Lake Lanier Fishing Report – July 2009
Lanier: Level: 4.3 feet below full pool. Temp: 67-69 degrees. Clarity: Light stain up the lake and in some of the creeks.
Spotted Bass: Fair to good. The topwater bite has been sporadic. There are fish around the brushpiles on the points and humps down the lake, and a Sebile swimbait, Zara Spook, Chug Bug or burning a Fish Head Spin with a fluke will call them up at times. Also look for breaking fish. The topwater bite has been better on bright days with a slight to moderate chop. A drop-shot rig with a finesse-type worm is a consistent bite on the deep brush, and plenty of small spotted bass are under the boat docks and will take a light Texas rig or jig-head finesse worm or Trick Worm.
Largemouths: Good. Billy Boothe reports, “The largemouths are on their typical summer patterns. I’m catching a few good fish at daylight on a white buzzbait and a pearl Pop-R on main-river points. Once the sun gets up, working mid-depth brush and deeper ledges is the way to go. On the brush, throw a Texas-rigged, red-shad colored, 9-inch Mann’s Hardnose worm or a Carolina-rigged green-pumpkin Trick Worm. For the ledge fish, work a citrus-shad Mann’s 20 Plus or a 3/4-oz. green-pumpkin TABU jig in 12 to 25 feet of water. The flipping bite is hit or miss right now. Most of the dock fish are scattered, but there are a few bass on the laydowns. The best flipping baits have been a watermelon-red Sweet Beaver and a green-pumpkin/blue Brush Hog matched with a 1/2-oz. tungsten weight for a reaction strike on the fall.”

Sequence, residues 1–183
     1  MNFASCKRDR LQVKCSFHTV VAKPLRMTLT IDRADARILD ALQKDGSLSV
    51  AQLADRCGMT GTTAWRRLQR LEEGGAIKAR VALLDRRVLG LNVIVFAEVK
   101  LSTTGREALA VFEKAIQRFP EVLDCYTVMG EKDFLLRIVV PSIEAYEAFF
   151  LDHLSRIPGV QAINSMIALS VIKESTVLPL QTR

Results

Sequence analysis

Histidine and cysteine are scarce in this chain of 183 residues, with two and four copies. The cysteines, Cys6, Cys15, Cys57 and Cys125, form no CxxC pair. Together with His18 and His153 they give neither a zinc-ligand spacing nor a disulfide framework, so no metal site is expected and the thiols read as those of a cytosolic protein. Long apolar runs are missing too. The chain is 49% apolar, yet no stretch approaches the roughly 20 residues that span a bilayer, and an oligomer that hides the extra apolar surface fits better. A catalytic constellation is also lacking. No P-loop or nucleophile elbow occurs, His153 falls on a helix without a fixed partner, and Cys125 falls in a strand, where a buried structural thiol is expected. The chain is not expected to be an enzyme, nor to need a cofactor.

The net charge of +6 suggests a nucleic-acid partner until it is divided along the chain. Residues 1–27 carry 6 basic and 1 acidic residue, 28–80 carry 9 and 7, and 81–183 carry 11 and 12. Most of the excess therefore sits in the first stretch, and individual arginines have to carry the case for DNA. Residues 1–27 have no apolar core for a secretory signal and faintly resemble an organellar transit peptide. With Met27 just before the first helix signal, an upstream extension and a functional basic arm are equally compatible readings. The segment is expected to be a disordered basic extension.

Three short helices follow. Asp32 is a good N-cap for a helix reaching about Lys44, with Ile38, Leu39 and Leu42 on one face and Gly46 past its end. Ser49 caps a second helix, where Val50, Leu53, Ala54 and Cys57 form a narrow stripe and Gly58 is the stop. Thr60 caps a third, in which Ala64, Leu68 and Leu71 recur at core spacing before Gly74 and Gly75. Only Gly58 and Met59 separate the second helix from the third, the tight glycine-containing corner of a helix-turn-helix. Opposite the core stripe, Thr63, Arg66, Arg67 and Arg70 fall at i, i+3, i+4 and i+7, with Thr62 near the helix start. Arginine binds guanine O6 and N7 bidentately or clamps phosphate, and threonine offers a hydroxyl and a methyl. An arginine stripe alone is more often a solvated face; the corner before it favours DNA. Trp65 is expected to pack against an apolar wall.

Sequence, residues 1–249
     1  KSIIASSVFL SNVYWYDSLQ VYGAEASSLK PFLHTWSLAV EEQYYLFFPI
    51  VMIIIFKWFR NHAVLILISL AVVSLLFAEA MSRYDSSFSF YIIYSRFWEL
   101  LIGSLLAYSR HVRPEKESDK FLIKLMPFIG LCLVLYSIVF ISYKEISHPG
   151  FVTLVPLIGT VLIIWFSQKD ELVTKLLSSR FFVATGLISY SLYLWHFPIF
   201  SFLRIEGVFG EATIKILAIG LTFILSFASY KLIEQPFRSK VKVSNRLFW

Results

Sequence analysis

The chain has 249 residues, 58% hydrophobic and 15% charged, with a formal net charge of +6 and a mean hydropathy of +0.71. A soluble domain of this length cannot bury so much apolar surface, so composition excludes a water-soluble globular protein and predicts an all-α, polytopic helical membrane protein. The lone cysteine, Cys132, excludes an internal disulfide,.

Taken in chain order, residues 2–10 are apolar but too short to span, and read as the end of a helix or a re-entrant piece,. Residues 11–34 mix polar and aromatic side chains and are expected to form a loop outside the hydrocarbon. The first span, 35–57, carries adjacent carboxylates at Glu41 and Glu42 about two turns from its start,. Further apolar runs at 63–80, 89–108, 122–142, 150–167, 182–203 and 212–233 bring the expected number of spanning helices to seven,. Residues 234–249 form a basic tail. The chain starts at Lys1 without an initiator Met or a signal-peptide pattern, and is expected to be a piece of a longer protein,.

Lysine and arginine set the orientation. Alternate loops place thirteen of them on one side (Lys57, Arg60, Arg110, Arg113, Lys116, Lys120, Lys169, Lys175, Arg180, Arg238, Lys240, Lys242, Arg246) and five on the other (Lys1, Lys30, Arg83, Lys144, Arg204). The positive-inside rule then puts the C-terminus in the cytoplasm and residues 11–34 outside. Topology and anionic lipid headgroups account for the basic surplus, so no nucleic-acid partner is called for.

Stripers: Very good. Capt. Clay Cunningham reports, “Fishing has been great on Lanier. The stripers are on the downline bite strong. The fish are spread out from the north end to the south end, which has helped spread out the fishermen. Some are staying south thinking the fish are larger on the south end, but just as many big fish are on the north end as the south end at this time. Over the next few weeks, look for the fish to concentrate more on the south end of the lake. The fish are 28 to 30 feet deep on the downline over 40 to 60 feet of water. Over the next few weeks, look for the fish to continue to move out to a deeper bottom. Be sure to bring plenty of bait — you are going to need it.” Mike Maddalena reports, “The bite is very good at the moment both up and down lake and will remain great all summer. It’s downrod time. As always when the fish are deep and on the move, trolling is a great way to locate an area holding fish. Once the fish are located, stop and hit them with the downrod. Bluebacks fished 30 to 40 feet deep over a 50- to 80-foot bottom is the ticket. Change baits often, and keep them fresh. The bigger fish are moving quickly to the main lake, while you can still find great numbers of smaller fish from the backs to the middles of the creeks and up lake. Creek mouths and main-lake coves are the best places to currently search for the bigger fish on the lower lake. The main-lake fish are starting to relate to the timber and the edges where slick bottoms meet the timber. Often, where the mouths of the creek channels meet the river channel, you will get an old flood plain or delta, which will be slick and be bordered by timber. Same thing with the banks of the old river channel. The channel will be slick, while the old river banks will be lined with timber. These are key areas to search for stripes. Good electronics are key to finding these deep summertime fish. As we move into July, the fish will continue their migration to deep water and the river channel. By mid-July, fishing should be best from Three Sisters to the dam. Lead-core line fished six to eight colors back with a 1 1/2- or 2-oz. Captain Mack’s Chipmunk jig or a 6-inch swimbait will do the trick. You can tip the jigs with worm trailers, shad bodies or a herring. Hook the herring through the mouth and out through the brain, right between the eyes, to get it to track properly. Expect to be fishing your downrods 50 to 80 deep feet in July.”
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